Roubiliac


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Roubiliac

(rubijak) or

Roubillac

n
(Biography) Louis-François (lwifrɑ̃swa). ?1695–1762, French sculptor: lived chiefly in England: his sculptures include the statue of Handel in Vauxhall Gardens (1737)
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References in periodicals archive ?
The Marble Index: Roubiliac and Sculptural Portraiture in Eighteenth-Century Britain
The Birmingham MP also has a painting of William Shakespeare by Louis-Franois Roubiliac, a French artist best known for his sculpture, as well as a portrait by William Hoare of the 18th century Whig Prime Minister William Pitt, known as Pitt the Elder.
The image of Shakespeare is typically eighteenth-century as re-imagined by the sculptors Rysbrack, Scheemakers, Cheere, Roubiliac and Banks, between 1735 and 1790.
Considered one of the best private collections in the world, this small museum contains works from Rembrandt, Titian, Poussin and Roubiliac.
17) The design for the middle window was based on a statue created about 1745 by London-based French sculptor, Louis Francois Roubiliac (1702-1762).
3: "You may talk of your Venus of Medicis, your Dianas, your Nymphs, and Galateas; but if Praxiteles, and Roubiliac, and Wilton, were to lay their heads together, in order to make a complete pattern of beauty, they would hardly reach her model of perfection" (28).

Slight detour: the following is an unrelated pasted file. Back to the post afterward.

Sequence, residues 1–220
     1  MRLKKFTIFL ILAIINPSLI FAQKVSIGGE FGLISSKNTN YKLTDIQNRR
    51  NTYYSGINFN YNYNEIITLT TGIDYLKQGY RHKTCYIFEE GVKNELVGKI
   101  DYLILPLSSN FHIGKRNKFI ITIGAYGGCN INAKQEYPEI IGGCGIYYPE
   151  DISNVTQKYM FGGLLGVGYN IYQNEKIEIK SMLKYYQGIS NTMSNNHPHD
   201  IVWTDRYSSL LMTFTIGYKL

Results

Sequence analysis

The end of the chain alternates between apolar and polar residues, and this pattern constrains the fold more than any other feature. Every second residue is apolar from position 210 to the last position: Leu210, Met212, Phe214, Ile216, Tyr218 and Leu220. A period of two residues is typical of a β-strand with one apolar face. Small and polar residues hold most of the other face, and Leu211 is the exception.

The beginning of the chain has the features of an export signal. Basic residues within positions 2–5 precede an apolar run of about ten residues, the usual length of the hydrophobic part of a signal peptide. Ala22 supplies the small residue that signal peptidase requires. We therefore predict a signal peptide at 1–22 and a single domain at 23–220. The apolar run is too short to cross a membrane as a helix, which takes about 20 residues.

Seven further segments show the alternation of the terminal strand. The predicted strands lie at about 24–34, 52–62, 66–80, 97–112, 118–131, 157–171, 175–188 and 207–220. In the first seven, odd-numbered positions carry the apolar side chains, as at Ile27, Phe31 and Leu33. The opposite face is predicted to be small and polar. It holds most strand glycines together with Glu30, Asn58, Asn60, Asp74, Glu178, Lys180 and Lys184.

Garrick and his Jubilee is an entertaining topic and Dobson conveys this, writing well of the Roubiliac statue of Shakespeare; but there is some sense of strain in labouring its symbolic portent.
Roubiliac gives a heroic view of the composer gazing into the heavens for inspiration.
The exhibition, 'Fame and Friendship: Pope, Roubiliac and the Portrait Bust', which opens this month at Waddesdon Manor (18 June-26 October), brings together eight versions by the sculptor Louis Francois Roubiliac of the poet Alexander Pope (1688-1744; see Contents, p.
His son, who assumed the name Nightingale under the will of a rich uncle, married Lady Elizabeth Shirley, daughter of the second Earl Ferrers--the woman immortalised in a dramatic tomb by Louis-Francois Roubiliac in Westminster Abbey.
We might here simply note that Roubiliac and Rysbrack are both recorded as having made self-portraits; that self-portrait sculptures by Giambologna, William Rush and Rodin exist; and that, in our own time in a great wave of self-portraiture, in addition to the three-dimensional self-portraits Hall includes in his final chapter, there are notable works by artists such as Marc Quinn--one version of Self, made from his own frozen blood, is in the National Portrait Gallery--and Ron Mueck, who began his career as a special effects artist.